It’s a follow-up to posts here and here. The long and short of it is, there was a substantial amount of body size variation (i.e., between males and females) in Homo erectus, on par with levels seen in modern day gorillas. This is interesting because H. erectus brain size (and brain size growth) would have required massive amounts of energy, so some have hypothesized a cooperative breeding strategy; sexually dimorphic species generally do not engage in such cooperative behavior. So I suggest that body size variation in H. erectus is an ecological strategy, with small female body size reducing the metabolic burden on mothers.

Osteology Everywhere: Literally

Last weekend, Kazakhstan celebrated Constitution Day. Rather than stick around for the festivities in the florid Capital city, some friends and I ventured out West to Mangystau, to the deserts flanking the Caspian Sea. Although much of the area is sprawling, barren desert, it’s geologically much more interesting than my home here in the White Tomb.

2014-08-30 17.31.29

A perfect camping spot here on Mars.

The purpose of the trip was ostensibly holiday, but in landscapes such as this my field training kicks in. While I made sure to take in the scenic views, my gaze was mostly directed downward, as on survey, in search for bones, lithics and other signs of paleontological promise.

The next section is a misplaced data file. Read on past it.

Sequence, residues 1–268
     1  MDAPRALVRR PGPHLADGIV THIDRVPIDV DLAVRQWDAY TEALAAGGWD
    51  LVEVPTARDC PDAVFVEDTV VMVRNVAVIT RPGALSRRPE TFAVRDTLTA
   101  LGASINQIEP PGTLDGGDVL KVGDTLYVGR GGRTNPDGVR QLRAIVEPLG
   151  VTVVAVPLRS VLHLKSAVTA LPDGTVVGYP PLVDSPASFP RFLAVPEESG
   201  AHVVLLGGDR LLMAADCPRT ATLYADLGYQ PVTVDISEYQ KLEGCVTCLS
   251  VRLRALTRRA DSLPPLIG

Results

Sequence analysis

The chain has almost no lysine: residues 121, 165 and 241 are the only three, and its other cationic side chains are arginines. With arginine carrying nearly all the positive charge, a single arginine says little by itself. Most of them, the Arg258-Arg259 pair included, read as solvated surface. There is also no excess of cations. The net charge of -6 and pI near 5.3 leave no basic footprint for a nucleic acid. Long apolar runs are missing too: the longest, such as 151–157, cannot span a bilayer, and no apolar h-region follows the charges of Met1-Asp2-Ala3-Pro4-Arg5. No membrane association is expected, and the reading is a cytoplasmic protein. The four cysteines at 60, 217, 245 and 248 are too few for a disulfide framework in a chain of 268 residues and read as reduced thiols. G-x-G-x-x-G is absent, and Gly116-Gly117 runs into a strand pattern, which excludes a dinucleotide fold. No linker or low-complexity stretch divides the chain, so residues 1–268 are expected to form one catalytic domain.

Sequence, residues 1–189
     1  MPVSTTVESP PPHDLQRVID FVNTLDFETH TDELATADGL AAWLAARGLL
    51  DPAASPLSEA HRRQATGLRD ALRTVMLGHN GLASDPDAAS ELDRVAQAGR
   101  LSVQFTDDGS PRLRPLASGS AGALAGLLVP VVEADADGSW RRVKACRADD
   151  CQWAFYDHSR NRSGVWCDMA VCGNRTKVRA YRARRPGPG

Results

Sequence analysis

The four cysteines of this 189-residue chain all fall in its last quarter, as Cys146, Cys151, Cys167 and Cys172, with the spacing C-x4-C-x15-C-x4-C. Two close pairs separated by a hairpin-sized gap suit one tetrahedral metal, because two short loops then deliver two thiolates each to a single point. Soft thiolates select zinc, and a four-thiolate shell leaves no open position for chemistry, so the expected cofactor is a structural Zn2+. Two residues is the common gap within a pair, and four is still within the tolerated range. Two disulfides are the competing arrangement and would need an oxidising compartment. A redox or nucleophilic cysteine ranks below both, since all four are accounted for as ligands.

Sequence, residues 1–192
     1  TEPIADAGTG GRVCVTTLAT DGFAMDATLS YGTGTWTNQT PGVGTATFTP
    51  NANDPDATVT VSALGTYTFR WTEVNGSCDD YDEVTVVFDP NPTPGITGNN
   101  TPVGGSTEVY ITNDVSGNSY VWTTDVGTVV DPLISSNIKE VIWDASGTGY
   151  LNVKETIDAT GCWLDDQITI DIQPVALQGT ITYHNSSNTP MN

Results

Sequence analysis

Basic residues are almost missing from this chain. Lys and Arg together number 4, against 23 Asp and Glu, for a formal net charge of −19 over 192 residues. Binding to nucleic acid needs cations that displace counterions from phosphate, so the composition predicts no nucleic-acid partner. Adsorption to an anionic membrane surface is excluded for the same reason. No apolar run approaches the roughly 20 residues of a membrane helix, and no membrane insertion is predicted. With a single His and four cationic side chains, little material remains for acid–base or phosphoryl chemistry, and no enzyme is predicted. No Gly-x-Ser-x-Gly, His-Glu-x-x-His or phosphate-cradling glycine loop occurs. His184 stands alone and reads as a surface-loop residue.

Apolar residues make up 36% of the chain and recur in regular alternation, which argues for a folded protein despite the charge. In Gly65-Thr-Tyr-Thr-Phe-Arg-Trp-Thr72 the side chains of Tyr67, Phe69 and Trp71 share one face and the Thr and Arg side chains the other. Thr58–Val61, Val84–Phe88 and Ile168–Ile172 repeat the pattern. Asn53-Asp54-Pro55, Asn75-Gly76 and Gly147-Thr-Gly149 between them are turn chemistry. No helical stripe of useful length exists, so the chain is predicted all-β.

One thing about Life is that it teems. I don’t mean the obvious, ubiquitous microbes or infinitesimal infestations on all our faces. Even the big stuff can thrive, even in seemingly inhospitable places.

This little buddy wants nothing to do with everything.

This curmudgeon puts the ‘turd’ in ‘turtle.’

Some buddies on their way to work.

These buddies are on their way to an important meeting at the office.

But what goes up must come down, the only promise is The End. As a result of this shared fate, many of the landscapes we encountered were literally littered with the bony remnants previous denizens. Sun-scorched and bleached, the calling cards of Tetrapods stuck out like sore thumbs among the dirt and scrub.

Hip off the old block.

Hip off the old block.

A horse doing its best impression of SK 46.

A horse doing a good impression of SK 46.

Mangystau boasts an embarrassment of turtle bones and shells.

Mangystau boasts an embarrassment of turtle bones and shells.

A small, noble beast.

Alas, this was a noble little buddy.

I will admit I have no idea what animal this comes from, but I would guess some small mammal. If you know, please tell!

I will admit I have no idea what animal this comes from, but I would guess some small mammal. If you know, please tell me.

But this surface smorgasbord of bones will not translate into a future fossil festival. Sitting on the surface, bones like these are likely to be scattered, trampled, disturbed by anthropology nerds. Most will not get the chance to sink into the Earth, soak up leaching minerals, and lie in wait for paleontologists of the future. In desert landscapes such as in Mangystau, ‘osteology everywhere’ is an ephemeral description.